<lourt, from which it appears that some of these defendants, with other persons, were made receivers of these roads in a cause pending between the Vermont & Canada Railroad Company and its security-holders; that while so in possession an agreement was made between the parties and embodied in a decree of the court under which those in possession and their successors were continued in possession, and by one of the provisions of which the cause in which the proceedings had been taken was kept in court, with liberty to any party to apply to the court for further orders as they might be advised; that in the proceedings authorizing these loans, and as a part of the decrees under which they were issued, it was provided that in case the trustees should fail to pay the notes or interest, the holders might apply to that court for the realization of their securities, or for a summary order for the payment of the amount due out of any property in the hands of the trustees, and that a copy of this part of the decrees was printed upon and made part of the notes. The cause has now been heard upon these causes of demurrer and this plea. The causes of demurrer do not require any extended notice. The claims are asserted in favor of the same parties against the same parties to enforce a common trust. The Central Vermont Railroad Company succeeded to the duties of its predecessors in respect to the property, and still the predecessors were not discharged, therefore all are connected, and all are properly joined. If the bonds or notes are sufficiently set forth to show their terms and effect, that is enough without reciting them, further referring to them, or attaching copies of them; and it is not pretended but that they are so set forth. The question as to the jurisdiction of this court is involved and included in that made by the plea, except as to a question made whether the orators, being executors in the state of New York, can suo out of that state. This does not iuvolve any qnestion as to whether they so succeed to the right of their testator out of the state where they are executors, that they can represent him and recover upon his rights elsewhere. These rights never accrued to him at all. They accrued to the orators themselves, and accrued to them in the same capacity; and, for aught that appears, in the same place in which they art attempting to enforce the rights. Letters of executorship or administration extend only to the goods or estate which were of the testator or intestate at the time of decease, and would not include these securities, if taken out in Vermont, as against the rights of the orators.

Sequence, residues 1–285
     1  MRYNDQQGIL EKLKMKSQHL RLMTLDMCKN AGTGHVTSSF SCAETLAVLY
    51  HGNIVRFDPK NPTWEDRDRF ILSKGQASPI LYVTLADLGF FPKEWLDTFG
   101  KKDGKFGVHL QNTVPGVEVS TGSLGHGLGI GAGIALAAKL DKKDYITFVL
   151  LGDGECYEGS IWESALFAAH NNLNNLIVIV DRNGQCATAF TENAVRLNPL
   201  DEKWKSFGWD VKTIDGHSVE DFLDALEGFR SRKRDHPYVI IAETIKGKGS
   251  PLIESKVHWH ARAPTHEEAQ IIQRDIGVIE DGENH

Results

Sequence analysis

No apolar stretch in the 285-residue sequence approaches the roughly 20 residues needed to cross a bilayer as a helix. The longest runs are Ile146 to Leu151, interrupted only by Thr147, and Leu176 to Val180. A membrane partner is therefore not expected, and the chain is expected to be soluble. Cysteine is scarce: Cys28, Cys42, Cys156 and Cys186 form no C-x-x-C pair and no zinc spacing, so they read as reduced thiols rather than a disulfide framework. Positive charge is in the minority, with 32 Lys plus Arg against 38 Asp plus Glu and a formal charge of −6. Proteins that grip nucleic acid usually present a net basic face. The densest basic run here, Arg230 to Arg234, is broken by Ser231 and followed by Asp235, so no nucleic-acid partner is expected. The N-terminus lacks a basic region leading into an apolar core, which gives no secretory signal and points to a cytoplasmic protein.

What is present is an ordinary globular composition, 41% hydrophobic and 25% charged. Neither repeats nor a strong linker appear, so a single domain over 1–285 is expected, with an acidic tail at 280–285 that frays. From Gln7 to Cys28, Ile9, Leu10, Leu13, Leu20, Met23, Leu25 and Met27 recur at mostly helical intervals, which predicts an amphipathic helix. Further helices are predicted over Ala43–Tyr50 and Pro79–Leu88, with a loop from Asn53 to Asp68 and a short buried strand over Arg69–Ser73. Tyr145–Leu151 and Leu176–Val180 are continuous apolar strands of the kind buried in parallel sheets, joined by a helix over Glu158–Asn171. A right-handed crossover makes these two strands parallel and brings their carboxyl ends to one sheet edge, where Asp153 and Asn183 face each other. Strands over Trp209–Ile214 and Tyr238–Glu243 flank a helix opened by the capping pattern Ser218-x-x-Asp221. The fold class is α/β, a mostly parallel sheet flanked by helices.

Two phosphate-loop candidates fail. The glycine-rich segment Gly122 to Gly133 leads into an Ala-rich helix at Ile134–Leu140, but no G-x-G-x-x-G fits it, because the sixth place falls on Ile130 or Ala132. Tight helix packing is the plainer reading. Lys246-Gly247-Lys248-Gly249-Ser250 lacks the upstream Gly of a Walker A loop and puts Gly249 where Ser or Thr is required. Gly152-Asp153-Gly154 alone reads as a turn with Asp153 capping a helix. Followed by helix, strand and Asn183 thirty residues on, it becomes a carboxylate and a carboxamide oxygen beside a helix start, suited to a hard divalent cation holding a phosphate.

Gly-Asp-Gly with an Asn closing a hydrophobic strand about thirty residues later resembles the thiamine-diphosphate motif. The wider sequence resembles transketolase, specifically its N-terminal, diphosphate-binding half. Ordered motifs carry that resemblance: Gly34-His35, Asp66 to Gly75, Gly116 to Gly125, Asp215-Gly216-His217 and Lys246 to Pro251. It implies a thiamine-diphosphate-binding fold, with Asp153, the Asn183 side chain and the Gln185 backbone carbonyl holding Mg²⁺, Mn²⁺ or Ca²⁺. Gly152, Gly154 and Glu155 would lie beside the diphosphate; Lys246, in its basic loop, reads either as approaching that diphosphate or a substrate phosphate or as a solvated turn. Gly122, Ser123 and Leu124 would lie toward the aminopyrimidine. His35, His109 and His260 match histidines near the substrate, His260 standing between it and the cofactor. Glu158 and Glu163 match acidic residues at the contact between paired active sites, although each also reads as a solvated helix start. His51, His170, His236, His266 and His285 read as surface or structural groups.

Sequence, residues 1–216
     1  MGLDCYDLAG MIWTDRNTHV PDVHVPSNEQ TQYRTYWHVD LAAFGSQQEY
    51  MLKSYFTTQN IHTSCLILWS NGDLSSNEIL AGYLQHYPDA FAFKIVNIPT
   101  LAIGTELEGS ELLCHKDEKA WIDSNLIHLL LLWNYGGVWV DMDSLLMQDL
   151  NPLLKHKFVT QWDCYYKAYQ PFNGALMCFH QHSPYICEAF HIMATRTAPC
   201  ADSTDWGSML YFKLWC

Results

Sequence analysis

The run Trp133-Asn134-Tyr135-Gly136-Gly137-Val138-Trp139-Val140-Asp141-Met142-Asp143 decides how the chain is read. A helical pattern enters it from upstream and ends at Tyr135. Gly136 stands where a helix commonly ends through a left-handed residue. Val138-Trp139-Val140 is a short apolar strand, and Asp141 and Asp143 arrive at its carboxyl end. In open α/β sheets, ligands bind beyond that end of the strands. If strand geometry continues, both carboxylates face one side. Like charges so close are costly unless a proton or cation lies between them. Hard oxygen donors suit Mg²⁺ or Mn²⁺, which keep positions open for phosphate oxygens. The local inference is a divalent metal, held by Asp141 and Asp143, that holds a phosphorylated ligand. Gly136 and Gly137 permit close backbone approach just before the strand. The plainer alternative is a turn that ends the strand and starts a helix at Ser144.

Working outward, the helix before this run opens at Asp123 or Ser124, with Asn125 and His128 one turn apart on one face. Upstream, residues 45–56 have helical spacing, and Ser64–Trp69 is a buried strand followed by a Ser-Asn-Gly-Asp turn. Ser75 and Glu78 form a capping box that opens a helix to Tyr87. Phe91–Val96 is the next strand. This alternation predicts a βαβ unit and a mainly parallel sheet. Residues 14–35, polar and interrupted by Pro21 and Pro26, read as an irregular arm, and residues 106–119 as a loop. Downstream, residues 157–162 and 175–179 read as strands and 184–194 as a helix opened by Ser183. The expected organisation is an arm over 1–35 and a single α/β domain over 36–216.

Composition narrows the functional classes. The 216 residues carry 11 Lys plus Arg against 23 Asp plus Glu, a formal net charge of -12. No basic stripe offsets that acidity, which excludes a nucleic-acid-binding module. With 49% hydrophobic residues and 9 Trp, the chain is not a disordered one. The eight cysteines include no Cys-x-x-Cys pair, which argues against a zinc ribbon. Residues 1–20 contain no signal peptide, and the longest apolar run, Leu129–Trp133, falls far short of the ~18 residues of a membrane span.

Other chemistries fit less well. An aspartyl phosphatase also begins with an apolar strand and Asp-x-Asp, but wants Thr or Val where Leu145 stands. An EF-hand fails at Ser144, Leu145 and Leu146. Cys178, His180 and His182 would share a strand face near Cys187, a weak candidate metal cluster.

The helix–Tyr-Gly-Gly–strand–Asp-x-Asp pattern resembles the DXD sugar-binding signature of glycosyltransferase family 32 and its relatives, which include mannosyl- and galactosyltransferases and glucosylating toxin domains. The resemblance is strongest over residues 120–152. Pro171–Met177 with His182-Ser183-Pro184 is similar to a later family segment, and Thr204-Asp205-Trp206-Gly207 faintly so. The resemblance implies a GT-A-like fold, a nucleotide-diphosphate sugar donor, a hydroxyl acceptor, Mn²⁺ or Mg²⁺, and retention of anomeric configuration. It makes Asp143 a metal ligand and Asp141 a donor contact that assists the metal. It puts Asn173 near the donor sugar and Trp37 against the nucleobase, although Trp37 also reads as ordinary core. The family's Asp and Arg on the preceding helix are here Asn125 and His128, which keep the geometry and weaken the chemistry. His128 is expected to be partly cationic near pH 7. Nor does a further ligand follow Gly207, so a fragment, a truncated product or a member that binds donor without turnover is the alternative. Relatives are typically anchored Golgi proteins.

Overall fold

GRISWOLD V. CENTRAL VERMONT R. CO.